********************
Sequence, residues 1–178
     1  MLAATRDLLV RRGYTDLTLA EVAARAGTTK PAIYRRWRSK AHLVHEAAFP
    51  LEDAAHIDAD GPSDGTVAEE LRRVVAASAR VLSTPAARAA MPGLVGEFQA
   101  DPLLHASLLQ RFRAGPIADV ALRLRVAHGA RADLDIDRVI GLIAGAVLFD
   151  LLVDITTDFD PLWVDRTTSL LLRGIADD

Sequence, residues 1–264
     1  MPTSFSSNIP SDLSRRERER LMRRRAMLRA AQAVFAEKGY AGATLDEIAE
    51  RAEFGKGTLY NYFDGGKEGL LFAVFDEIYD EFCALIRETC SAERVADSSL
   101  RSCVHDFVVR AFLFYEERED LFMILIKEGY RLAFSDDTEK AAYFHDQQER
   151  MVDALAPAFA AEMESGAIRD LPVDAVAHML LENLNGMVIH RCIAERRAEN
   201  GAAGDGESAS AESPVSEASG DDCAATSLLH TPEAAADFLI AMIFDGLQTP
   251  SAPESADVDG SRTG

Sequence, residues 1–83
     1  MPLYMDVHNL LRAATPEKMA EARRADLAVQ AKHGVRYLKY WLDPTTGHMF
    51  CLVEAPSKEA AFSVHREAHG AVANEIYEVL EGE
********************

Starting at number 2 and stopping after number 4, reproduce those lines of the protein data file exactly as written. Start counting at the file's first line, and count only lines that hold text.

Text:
     1  MLAATRDLLV RRGYTDLTLA EVAARAGTTK PAIYRRWRSK AHLVHEAAFP
    51  LEDAAHIDAD GPSDGTVAEE LRRVVAASAR VLSTPAARAA MPGLVGEFQA
   101  DPLLHASLLQ RFRAGPIADV ALRLRVAHGA RADLDIDRVI GLIAGAVLFD